And speaking of shows, I’m thankful for the recent—meaning that it just happened last night, at the time of this recording—Battle of Boston performance at the American Music Awards. If you didn’t see it, two iconic boy bands of yesteryear, New Edition and New Kids on the Block, who were both from Boston, shared the stage for the first time ever. And the New Kids gave credit to New Edition for being an inspiration and for the magnitude of their legacy, which was great to see.

And BTS was in the audience dancing along to New Edition’s choreography, which was not only fun to watch, but it was such a full circle moment that really illustrated the power of music and dance. I mean, here was this group, this Black American band that became huge before BTS members were even born, and they heavily influenced boy bands like New Kids and so many others that followed, and BTS is continuing in that tradition in their own way—and you know, from all the way in South Korea. So, that concludes my thank yous.

Courtney Escoyne:
I haven’t been on social media yet today, so I had no idea that any of this happened! Lydia, please send me a link. I’m just—everything you just said is so delightful.

Lydia Murray:
Yeah. I just saw it and I was like, for one, this is so great in a typical sort of fan way, but also just the historical significance of this moment is just, wow, it’s huge. But anyway…

Margaret Fuhrer:
New Kids giving credit to New Edition, that is so major! That is itself is major.

Lydia Murray:
Right?!

Margaret Fuhrer:
Listeners, we’ll link that up in the show notes for sure. Everybody should enjoy that goodness.

All right. My thankful list is sort of small and selfish. I’m thankful for two very specific things. One is JoJo Siwa on this season of “Dancing with the Stars,” which I know surprises none of you. And I know Courtney and I already got into this in a previous episode. I just can’t stop thinking about it. Oh, and also we’re recording this on Monday. So by the time you’re listening to it, she may or may not be a mirrorball champion, we’ll see.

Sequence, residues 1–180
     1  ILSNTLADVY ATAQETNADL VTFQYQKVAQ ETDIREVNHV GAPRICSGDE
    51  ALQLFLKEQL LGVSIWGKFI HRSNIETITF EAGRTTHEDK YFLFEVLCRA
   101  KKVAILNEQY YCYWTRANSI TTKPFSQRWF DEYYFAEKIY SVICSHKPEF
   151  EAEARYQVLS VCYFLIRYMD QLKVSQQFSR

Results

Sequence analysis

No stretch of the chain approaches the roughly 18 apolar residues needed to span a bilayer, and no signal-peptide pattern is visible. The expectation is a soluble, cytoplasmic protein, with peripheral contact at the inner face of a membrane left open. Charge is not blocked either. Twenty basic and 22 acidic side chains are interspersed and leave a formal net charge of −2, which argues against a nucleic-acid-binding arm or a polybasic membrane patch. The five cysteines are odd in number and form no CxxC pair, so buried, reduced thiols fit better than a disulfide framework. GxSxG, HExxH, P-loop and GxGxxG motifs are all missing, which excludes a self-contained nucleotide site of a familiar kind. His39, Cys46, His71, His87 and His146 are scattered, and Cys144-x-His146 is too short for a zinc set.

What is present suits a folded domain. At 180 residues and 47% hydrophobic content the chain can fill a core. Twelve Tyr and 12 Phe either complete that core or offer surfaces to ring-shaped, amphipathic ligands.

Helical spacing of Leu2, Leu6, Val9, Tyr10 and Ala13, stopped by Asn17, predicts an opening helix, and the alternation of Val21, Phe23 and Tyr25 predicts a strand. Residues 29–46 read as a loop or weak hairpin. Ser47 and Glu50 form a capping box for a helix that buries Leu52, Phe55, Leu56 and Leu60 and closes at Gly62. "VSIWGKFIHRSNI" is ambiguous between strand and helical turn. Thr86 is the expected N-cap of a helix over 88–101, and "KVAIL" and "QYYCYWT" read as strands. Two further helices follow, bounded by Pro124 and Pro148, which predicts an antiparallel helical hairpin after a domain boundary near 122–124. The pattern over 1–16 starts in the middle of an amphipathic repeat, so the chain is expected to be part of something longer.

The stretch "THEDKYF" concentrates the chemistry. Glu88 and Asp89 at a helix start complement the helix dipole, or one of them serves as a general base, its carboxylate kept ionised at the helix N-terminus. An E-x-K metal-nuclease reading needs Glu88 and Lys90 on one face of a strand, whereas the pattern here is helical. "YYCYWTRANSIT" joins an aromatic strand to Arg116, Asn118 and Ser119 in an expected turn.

But, as someone who kind of loved Jo Jo even from her earliest days on “Dance Moms,” it’s been especially wonderful to see her celebrated and embraced by much broader audience as her most authentic self. And I know that isn’t only happening because of “Dancing with the Stars.” Like the TikTok crowd came around to her well before she was on the show. But when we first heard that Jo Jo and Jenna Johnson would be the first same-sex partnership on the show, I think a lot of us had all these hopes about what that might look like—and literally every single one of them has been fulfilled. Like, overtly romantic routines? Check. Allowing her to explore her more androgynous side? Check. Leaning way into her willingness to go like full out to the edge of insanity? Check! I’m still having the best kind of nightmares about her as Pennywise the Clown. We got her as Prince Charming. It’s just all around so delightful. So thank you, universe, for that.

Courtney Escoyne:
That’s what we call range. [laughter]

Margaret Fuhrer:
Right? The girl’s got range.

The other thing is, like Courtney and Lydia both said, it’s just about the return of live performance and how grateful I am for all of that. But I wanted to give a specific example to illustrate that. Every single dancer I’ve been able to see live has been a source of joy, but Cassie Trenary from ABT—oh my god. I know she went through a really difficult personal journey during the shutdown, and she came back with this level of intensity and maturity and commitment that on multiple occasions has made me cry at completely inappropriate moments. Like, you all know I was not the biggest fan of Jessica Lang’s Tony Bennett premiere at the ABT gala. But seeing Cassie out there killing it as the most gleeful bobby soxer—tears. Completely inappropriate tears.